• Afterwards: Take as much time as you want right after the ceremony to hug and take a minute, both with each other and with your loved ones. There’s a lot of emotion that comes out right after it’s all official. Some of my favorite photos are taken during these moments, when people are their most genuine selves. Take a couple minutes to really savor this and feel what you feel. I can’t emphasize this enough! A lot of planners and caterers like to whisk the couple away for snacks or a touch-up, but honestly, I think this is one of the most emotional moments of the day, even if it’s only for one minute. Savor it! 

Couple’s Portraits

  • First Look: You’ve probably heard of this one. It’s when the wedding couple sees each other for the first time before the ceremony, in a private setting. It can make for more authentic emotions than you’d have walking up the aisle, with 200 people are staring at you, waiting to see if you cry. Personally, I think they’re wonderful, but I always let my clients decide if they think a first look is the right choice for them. With a first look, often we can finish wedding party and/or family photos before the ceremony, so during cocktail hour you can relax and hang out with your guests. If you opt to skip the first look, I highly recommend having an extended cocktail hour or a gap in the timeline so we have plenty of time to take photos with family (20-30 min.), wedding party (20-30 min.), and the two of you (ideally, 45-60 min.). Good photos take time, even for couples who don’t want a ton of portraits.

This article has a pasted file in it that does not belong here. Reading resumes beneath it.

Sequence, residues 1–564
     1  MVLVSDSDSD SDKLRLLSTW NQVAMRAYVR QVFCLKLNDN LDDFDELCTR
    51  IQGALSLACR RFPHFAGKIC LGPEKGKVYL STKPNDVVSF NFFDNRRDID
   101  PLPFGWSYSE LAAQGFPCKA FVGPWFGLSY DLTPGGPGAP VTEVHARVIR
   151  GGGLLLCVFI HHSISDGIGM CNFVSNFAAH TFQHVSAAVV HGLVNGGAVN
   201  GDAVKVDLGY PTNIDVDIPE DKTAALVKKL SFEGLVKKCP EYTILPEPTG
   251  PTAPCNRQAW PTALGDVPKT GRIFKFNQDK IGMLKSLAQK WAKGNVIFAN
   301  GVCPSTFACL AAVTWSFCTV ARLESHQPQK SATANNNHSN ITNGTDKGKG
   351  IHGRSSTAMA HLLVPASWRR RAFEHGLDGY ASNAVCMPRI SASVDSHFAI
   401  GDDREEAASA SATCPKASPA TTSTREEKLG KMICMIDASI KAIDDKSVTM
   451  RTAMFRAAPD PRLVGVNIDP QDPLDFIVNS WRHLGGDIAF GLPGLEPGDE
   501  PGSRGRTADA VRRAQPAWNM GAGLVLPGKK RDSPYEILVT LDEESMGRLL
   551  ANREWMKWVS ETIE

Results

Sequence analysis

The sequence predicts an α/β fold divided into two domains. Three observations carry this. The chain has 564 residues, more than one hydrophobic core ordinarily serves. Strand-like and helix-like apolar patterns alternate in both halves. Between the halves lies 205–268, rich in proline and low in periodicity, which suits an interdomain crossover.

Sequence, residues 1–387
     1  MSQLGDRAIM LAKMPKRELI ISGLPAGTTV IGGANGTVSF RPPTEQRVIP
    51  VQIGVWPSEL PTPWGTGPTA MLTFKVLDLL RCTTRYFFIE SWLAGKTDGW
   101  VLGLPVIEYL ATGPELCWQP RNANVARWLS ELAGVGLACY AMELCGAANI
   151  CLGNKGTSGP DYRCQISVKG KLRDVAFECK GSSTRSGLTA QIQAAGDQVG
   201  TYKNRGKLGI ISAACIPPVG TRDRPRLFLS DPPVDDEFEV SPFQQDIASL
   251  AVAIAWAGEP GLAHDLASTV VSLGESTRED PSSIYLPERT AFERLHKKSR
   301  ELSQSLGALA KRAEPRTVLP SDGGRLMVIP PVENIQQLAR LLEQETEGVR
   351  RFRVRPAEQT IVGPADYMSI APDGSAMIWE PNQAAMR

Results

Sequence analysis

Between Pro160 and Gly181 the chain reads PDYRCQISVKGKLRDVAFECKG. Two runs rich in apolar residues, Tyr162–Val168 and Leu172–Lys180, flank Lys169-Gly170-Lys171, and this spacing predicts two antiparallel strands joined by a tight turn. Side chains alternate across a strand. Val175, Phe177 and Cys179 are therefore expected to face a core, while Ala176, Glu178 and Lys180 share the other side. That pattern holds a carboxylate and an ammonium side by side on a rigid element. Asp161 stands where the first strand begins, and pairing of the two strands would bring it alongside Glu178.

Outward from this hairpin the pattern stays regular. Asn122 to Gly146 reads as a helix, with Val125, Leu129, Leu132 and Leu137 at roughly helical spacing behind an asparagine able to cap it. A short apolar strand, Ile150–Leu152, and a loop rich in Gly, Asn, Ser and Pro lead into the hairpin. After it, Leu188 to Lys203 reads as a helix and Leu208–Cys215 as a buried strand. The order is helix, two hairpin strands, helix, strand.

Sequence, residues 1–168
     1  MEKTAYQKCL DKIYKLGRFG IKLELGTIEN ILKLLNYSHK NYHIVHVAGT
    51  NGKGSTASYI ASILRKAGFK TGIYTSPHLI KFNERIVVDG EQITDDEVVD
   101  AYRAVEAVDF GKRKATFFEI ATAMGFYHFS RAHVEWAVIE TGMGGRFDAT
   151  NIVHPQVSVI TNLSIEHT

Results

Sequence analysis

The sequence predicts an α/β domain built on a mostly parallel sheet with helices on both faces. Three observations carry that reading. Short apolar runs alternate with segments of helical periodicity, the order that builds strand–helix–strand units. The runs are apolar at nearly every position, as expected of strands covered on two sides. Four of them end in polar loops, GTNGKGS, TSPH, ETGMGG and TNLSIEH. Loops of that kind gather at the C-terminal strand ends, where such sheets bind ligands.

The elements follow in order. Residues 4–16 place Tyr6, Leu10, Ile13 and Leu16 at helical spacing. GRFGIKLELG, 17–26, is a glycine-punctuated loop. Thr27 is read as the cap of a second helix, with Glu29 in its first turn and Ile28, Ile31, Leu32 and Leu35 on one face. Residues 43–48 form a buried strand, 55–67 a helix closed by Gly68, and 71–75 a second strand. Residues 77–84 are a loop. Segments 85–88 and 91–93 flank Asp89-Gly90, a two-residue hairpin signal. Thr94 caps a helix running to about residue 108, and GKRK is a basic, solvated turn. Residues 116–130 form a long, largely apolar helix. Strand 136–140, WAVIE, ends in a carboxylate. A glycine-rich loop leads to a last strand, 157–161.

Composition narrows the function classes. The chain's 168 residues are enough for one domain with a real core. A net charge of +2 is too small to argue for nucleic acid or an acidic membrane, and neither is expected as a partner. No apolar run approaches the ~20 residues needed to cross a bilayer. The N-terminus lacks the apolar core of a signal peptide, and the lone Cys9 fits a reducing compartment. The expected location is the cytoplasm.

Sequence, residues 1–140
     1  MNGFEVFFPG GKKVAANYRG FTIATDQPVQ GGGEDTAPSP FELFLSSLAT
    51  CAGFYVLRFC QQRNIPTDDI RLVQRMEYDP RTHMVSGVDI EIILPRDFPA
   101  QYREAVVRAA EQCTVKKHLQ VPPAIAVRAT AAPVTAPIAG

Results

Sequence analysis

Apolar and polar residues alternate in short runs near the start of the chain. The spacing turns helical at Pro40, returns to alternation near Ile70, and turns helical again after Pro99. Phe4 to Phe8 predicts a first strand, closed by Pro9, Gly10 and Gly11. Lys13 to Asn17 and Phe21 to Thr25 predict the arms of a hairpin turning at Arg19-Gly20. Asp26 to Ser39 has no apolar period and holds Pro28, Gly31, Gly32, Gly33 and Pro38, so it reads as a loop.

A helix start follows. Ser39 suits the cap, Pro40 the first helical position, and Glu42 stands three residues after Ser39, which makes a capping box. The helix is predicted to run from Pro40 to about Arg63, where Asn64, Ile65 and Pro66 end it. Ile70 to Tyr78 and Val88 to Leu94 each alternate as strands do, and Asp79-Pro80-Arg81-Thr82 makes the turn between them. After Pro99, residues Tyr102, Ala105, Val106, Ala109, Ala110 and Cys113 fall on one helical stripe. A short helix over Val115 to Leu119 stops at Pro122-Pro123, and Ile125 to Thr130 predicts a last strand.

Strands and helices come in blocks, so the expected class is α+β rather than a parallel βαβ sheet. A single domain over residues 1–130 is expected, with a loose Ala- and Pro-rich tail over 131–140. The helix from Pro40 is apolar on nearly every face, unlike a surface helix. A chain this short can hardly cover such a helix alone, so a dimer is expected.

• I’ll also mention that when people hear “first look,” they probably envision that classic shoulder tap. Well, I’m here to encourage you to have your first look moment however feels natural to you – the options are endless and we can definitely brainstorm the method that’s right for you.
  • Locations: I can work with you to help figure out great locations for your wedding photos. Often, good light is better than a good backdrop, and meaningful locations are better than the popular spots. If we’re doing outdoor portraits during mid-day, brainstorm shady spots near where one of you is getting ready. Squinty and sweaty doesn’t look good on anyone.
  • Private Vows: I’ve been seeing more and more couples choose to share their vows privately during their portrait time. This can be a great way to get the nerves out and it makes for great photos of you two, fully focused on each other. I rarely can get this close to couples during ceremony vows, so it can be a really honest and refreshing way to see each other’s expression documented during these moments.